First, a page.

Two concurrent exhibitions at LABspace in Hillsdale present a dynamic juxtaposition of personhood and place: The group show “Body High” offers a fantastical perspective of the human form in an energetic blowout of colorful chaos, while “Dee Shapiro: Peripheral Visions” transports us to gritty street corners and stoic cityscapes devoid of any figures at all. Curated by artists and co-directors of LABspace, Ellen Letcher and Julie Torres, side by side, these shows are a visual feast of varying proportions: The imaginative gymnastics of human embodiment as witnessed in “Body High” are balanced by the solitary scenes of Shapiro’s architectural isolation.
With “Body High” living up to its buoyant title, nine artists explore the multidimensional realms of mortal realities through paintings and works on paper that occupy the entire gallery space from floor to ceiling in an all-out celebration of radical compositions and diverse styles. Zohar Lazar’s dense, cartoon-like, psychedelic illustrations of delightfully bizarre characters and Michael Van Winkle’s motley troupe of frolicking fellows with oversized fingers and noses, for example, are contrasted with Lois Dickson’s abstracted female at a dance class and Julia Schwartz’s simple gouache series of a lone woman in various states of repose with her kitten.
The diversity of the “Body High” panorama is further fleshed-out through sacred scenes of male intimacy by Jacob Fossum; richly hued contorted bodies by Olivia Tawzer; ashen ghostlike figures by Pauline Decarmo; and sweet, silly, and kinky paintings by Kelsey Renko and Rebecca Litt. One lap through this exhibit does indeed produce a sense of euphoria, and a second round reveals yet another layer of pleasing jubilation.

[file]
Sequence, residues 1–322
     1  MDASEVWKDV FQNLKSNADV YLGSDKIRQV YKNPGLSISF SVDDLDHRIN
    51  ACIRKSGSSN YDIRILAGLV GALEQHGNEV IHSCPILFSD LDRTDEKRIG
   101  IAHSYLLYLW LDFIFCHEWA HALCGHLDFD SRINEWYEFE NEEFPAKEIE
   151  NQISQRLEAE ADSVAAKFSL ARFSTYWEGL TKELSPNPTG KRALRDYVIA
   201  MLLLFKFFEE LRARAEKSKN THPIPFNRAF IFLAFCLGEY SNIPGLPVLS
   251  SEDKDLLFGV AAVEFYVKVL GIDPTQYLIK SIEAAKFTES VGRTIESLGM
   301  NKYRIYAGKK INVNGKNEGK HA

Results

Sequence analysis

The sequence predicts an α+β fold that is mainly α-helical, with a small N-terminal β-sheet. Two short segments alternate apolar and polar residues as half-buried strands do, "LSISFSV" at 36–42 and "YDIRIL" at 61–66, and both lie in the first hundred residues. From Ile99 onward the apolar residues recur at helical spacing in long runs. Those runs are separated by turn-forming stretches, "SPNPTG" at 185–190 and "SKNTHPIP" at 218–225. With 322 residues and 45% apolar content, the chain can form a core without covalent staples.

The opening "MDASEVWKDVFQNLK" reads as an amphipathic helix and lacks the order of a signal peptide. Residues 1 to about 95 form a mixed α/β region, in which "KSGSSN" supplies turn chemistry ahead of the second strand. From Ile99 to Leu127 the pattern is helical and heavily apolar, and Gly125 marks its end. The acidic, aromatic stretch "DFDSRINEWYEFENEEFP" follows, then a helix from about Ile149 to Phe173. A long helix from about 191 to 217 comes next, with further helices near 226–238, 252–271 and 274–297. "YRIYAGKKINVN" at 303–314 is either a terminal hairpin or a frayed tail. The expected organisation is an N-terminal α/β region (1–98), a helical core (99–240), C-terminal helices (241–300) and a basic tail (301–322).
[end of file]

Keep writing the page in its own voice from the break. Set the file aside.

The transition from “Body High” and its enunciated adventure of the corporeal into the adjacent gallery and the exquisite atmosphere of Shapiro’s urban and pastoral landscapes is a dramatic shift in scale and focus. All uniformly measuring 2 by 10 inches and painted between 2000 and 2010, this series of horizontal works are stunningly perfect in their reverence and reflection. Ranging from familiar visions of compact urban thoroughfares from her travels around the globe to the muted geometry of rural life, every one of Shapiro’s paintings is a mini masterpiece. When my eyes landed on Cardenas (2003), this petite representation of fading afternoon light at an intersection somewhere in Cuba moved me to tears with its purity and pause. Among these painted treasures by Shapiro, works such as East 94th Street (2002), Red Hook (2007), and Cruising the Hudson (2009) capture the dignity of the New York region and its varying geographies.
Shapiro’s Peripheral Visions is a poetic encapsulation of a periphery that exists somewhere between time and timelessness, and these works also attest to a decade gone-by for the artist. “Every 10 years I try something else,” Shapiro says. Thus, the physical-metaphysical encounter to be had at LABspace this month—from gracefully silent metropolitan moments to the wild miscellany of bodily eccentricity—invites us to consider the carnal and the industrial as parallel spheres of human revelry and realization.